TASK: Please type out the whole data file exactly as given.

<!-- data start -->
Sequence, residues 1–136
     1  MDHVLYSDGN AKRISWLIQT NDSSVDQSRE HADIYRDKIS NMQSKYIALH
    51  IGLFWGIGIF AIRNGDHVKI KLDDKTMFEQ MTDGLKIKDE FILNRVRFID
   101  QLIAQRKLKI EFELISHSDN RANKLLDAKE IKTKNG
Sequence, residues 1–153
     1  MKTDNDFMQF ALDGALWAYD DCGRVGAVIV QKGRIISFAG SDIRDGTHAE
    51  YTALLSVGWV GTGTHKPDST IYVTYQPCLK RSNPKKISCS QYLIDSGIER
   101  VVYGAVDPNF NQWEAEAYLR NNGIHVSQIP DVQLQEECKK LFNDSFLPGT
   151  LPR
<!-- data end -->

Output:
Sequence, residues 1–136
     1  MDHVLYSDGN AKRISWLIQT NDSSVDQSRE HADIYRDKIS NMQSKYIALH
    51  IGLFWGIGIF AIRNGDHVKI KLDDKTMFEQ MTDGLKIKDE FILNRVRFID
   101  QLIAQRKLKI EFELISHSDN RANKLLDAKE IKTKNG
Sequence, residues 1–153
     1  MKTDNDFMQF ALDGALWAYD DCGRVGAVIV QKGRIISFAG SDIRDGTHAE
    51  YTALLSVGWV GTGTHKPDST IYVTYQPCLK RSNPKKISCS QYLIDSGIER
   101  VVYGAVDPNF NQWEAEAYLR NNGIHVSQIP DVQLQEECKK LFNDSFLPGT
   151  LPR